The amnesia of the protagonist, which he must struggle to penetrate, is a Plot Device common to most genres of popular literature. It has been used on innumerable occasions throughout the 20th century. In detective novels or thrillers – an example being Margery Allingham's Traitor's Purse (1941) – amnesia causes difficulties when the protagonist is accused of murder (or espionage) and must somehow penetrate the veil (or, in the case of hoax amnesia, pretend to) in order for the truth to be discovered; the trope is carried through to the cinema in the form of movies like The Morning After (1986). In sf, the amnesia of the protagonist will frequently conceal his true nature – superior mutation, android, robot, alien – or ultimate role: ruler of the sevagram, perhaps.
In fantasy, amnesia – which may be a medical condition, or sometimes nothing more diagnosable than an absence of knowledge – is generally a form of Bondage which conceals from the protagonist her or his true role in the Story whose unfolding may well unveil an ancient reality, revealing that he is the Avatar of an Elder God, or the god himself, or a Hero, or a Hidden Monarch, or a Changeling or a Fairy; or that he embodies the soul of a Malign Sleeper who now awakens (see Shadow); or that he is the Reincarnation of an ancient Magus or other figure of power or knowledge (or, when the amnesiac is female, of She). Amnesia may have been imposed upon the protagonist as a protection or as a Curse. It may be lifted through introspective study (this is not common), or through Initiation, or through the re-enactment of events anciently significant, or through tracing a Labyrinth, or through passing a Threshold, or through the action of Magic, often made effective by reading a Rune or by touching an Amulet or some other Talisman.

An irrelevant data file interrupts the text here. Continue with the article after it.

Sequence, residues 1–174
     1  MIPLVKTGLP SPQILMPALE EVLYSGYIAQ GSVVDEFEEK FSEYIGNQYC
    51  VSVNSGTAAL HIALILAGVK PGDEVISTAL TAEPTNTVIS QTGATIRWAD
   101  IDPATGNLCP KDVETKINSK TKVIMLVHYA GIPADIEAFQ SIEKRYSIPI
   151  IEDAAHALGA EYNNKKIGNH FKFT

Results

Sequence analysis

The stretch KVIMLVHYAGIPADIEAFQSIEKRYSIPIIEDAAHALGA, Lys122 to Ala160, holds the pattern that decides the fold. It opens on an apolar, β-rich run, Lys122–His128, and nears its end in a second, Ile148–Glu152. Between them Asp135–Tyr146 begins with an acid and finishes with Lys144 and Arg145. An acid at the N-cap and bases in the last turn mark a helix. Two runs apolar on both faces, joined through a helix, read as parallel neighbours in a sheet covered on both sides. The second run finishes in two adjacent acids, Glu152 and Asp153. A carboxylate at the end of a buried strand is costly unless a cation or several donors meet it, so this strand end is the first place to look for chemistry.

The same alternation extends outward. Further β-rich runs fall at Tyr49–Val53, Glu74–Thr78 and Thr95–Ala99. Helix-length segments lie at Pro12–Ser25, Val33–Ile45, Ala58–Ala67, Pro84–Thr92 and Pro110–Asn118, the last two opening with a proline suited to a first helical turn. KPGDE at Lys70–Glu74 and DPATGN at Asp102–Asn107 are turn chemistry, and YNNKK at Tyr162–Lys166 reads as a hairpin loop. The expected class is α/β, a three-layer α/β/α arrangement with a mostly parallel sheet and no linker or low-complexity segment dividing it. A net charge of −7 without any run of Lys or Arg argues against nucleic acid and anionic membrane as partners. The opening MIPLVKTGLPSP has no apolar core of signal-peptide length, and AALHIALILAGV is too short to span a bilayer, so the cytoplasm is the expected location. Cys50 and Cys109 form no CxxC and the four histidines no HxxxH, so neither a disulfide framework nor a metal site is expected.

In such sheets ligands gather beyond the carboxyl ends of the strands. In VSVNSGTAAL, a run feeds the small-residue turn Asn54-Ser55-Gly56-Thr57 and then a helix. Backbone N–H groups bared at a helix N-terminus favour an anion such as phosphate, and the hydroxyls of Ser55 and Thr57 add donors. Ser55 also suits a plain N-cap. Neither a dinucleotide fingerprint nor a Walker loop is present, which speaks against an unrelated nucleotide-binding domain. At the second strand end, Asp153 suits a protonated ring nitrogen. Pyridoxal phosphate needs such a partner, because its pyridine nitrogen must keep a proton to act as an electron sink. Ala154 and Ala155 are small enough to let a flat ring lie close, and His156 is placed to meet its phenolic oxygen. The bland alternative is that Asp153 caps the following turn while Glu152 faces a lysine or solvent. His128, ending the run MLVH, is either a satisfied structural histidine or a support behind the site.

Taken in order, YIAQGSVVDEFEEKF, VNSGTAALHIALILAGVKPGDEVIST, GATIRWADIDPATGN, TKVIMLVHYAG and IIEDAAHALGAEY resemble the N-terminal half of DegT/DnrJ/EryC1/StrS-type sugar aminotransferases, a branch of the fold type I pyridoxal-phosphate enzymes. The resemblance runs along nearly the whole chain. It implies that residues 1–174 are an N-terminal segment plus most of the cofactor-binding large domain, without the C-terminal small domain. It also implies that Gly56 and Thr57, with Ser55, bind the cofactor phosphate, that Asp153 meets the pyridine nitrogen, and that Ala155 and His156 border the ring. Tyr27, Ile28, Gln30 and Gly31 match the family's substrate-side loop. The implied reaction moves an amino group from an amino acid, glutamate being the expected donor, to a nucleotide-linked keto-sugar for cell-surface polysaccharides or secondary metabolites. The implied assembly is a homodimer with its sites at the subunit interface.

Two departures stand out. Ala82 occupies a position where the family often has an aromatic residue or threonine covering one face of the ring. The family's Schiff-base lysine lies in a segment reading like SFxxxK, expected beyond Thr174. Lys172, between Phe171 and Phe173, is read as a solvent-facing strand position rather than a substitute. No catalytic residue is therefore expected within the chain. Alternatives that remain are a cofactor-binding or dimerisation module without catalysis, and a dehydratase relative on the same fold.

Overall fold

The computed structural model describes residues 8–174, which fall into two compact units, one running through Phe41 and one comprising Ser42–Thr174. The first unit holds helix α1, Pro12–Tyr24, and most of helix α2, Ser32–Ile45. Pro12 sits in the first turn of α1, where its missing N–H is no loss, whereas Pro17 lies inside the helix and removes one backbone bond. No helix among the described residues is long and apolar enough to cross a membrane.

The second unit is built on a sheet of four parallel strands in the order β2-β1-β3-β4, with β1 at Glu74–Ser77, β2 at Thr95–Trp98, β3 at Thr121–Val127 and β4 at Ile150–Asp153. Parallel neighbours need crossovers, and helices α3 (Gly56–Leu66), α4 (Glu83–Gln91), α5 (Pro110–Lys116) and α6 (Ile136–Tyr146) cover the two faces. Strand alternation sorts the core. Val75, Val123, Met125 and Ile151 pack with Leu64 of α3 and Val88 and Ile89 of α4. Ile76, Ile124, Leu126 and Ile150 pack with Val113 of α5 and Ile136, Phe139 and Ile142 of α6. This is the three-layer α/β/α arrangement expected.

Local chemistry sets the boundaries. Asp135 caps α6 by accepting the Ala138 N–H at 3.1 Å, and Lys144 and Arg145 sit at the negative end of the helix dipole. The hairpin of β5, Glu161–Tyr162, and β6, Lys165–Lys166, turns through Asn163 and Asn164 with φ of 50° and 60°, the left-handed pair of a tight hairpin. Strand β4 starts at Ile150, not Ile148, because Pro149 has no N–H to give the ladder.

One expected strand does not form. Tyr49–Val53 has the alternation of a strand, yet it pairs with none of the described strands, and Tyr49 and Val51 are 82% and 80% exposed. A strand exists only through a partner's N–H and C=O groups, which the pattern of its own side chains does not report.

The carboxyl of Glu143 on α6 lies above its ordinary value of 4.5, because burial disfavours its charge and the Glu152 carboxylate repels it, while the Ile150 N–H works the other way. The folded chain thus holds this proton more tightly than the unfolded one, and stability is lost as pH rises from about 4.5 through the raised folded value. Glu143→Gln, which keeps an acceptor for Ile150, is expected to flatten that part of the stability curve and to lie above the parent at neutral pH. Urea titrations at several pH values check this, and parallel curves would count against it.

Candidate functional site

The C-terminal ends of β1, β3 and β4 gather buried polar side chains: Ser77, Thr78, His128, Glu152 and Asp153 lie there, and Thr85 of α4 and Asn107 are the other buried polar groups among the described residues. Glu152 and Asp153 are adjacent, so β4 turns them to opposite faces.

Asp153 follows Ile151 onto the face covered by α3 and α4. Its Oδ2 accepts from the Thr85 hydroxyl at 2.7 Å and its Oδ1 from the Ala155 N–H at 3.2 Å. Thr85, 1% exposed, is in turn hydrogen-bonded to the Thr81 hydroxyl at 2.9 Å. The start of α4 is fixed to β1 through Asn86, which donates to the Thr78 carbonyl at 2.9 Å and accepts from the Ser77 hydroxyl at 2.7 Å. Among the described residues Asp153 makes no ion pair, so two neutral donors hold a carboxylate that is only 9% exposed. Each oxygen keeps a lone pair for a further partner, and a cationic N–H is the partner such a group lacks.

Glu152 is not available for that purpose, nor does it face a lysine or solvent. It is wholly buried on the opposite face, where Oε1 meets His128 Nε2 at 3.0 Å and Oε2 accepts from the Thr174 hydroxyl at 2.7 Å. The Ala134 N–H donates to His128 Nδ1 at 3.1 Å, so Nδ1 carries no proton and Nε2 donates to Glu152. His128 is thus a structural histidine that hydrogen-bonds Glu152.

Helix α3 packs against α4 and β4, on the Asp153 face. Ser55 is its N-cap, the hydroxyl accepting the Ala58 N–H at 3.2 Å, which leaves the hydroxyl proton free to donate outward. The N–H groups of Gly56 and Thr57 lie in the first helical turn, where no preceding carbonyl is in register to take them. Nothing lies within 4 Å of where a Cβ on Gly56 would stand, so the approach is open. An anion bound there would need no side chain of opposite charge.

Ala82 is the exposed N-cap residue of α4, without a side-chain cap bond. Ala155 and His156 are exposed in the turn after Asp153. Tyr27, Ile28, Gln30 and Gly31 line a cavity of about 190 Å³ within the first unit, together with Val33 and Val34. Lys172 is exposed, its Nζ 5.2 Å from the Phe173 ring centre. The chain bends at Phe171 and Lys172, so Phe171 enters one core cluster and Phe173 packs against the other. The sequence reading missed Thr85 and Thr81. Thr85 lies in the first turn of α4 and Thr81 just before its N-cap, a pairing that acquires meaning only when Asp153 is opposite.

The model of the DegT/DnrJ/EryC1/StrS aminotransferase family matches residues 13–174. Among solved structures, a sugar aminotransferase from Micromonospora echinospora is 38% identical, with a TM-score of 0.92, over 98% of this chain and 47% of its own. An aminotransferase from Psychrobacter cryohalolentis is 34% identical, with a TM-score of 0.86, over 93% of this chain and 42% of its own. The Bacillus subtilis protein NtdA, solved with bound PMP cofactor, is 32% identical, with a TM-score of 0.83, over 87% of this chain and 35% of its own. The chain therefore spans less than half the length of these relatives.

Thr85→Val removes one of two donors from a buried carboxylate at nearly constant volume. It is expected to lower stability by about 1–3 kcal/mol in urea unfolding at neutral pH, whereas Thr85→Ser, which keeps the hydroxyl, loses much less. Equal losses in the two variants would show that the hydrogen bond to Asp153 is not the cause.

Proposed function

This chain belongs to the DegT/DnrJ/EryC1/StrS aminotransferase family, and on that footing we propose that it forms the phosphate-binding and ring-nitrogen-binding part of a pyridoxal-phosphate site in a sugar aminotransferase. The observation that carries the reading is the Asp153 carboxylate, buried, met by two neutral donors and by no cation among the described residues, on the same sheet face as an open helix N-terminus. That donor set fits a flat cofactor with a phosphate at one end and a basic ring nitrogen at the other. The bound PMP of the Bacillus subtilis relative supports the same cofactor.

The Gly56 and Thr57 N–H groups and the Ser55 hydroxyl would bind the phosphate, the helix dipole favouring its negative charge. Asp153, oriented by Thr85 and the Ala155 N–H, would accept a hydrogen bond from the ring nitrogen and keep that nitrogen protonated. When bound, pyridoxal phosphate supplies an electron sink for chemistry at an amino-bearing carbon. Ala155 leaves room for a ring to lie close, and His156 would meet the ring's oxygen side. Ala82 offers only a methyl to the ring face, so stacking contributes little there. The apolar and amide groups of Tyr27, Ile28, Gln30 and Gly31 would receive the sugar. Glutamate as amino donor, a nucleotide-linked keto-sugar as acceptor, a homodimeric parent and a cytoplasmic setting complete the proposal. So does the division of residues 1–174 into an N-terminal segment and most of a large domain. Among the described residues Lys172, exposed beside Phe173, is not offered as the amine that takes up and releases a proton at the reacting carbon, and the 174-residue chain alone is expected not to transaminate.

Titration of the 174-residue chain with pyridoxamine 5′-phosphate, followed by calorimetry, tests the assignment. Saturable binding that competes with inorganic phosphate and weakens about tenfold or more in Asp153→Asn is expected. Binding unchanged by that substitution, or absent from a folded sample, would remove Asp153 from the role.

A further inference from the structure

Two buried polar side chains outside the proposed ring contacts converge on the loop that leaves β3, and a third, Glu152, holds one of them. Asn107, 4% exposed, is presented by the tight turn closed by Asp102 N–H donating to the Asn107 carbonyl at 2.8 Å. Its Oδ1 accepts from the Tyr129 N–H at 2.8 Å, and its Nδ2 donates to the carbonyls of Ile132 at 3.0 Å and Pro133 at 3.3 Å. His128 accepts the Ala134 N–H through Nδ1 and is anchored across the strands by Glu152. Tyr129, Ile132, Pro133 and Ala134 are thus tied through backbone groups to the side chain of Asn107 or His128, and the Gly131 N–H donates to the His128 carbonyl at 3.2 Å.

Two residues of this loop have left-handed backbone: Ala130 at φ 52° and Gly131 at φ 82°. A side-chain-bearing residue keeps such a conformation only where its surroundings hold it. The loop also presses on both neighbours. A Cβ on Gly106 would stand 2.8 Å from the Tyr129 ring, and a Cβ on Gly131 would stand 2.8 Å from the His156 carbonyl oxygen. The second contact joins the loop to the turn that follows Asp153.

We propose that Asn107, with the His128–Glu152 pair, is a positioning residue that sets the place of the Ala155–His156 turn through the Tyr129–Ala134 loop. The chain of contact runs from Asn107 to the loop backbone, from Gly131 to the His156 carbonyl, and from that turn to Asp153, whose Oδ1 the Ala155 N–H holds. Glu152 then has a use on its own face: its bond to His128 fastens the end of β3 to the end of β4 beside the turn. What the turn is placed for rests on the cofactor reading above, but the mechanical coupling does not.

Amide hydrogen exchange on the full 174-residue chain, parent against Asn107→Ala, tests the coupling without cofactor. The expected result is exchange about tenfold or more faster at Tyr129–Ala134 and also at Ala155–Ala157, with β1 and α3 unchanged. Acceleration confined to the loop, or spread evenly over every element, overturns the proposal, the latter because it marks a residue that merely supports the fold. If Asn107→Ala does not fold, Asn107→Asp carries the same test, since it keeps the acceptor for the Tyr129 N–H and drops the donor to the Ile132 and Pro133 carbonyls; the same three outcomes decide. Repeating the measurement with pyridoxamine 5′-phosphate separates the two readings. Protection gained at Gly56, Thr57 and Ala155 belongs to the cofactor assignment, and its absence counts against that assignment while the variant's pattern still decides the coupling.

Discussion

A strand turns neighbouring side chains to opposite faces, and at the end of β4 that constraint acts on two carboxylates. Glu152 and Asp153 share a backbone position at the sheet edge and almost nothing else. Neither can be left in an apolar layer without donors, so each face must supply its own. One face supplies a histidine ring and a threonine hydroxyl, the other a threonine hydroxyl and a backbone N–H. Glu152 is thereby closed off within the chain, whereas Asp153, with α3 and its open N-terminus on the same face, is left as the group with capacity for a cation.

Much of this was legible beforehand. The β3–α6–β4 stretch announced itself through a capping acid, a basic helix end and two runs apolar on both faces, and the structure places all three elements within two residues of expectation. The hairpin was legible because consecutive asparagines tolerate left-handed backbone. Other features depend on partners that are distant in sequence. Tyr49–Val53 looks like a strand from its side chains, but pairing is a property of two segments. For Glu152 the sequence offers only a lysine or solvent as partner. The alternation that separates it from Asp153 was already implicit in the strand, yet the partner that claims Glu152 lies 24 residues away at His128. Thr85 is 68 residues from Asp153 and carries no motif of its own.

A typical amnesiac is the mortal soldier in A E van Vogt's The Book of Ptath (1947), who gradually discovers that he is the eponymous father of the gods. It is central to the Spell imprisoning Chessie, the enchanted purple Labrador in Nancy Kress's The Prince of Morning Bells (1981), that he not remember his name or life as a man. In Tim Powers's The Drawing of the Dark (1979), Brian Duffy cannot remember that he is in truth Arthur. As a punishment for having committed some sin he cannot now remember against a goddess whose name he does not know, the protagonist of Gene Wolfe's Latro sequence cannot remember anything for more than 24 hours: he writes his own story in short sequences, as an aide memoire. More typical examples (out of many) are the hero of Garfield and Judith Reeves-Stevens's Chronicles of Galen Sword sequence (1990- ), a human on Earth haunted by flashes of memory of his high status in an Alternate Reality; and the heroic warrior in Lisa Goldstein's Summer King, Winter Fool (1994) who, on being asked how he has escaped the sorcery-imposed bondage of amnesia, says simply, "I remembered who I was." The affliction is extremely common.
Fantasy amnesia – unless it is imposed at the end of a tale in order to protect the protagonist, or the world, or the god – exists in order to be removed. Amnesia, in other words, is almost invariably a form of suspense. [JC]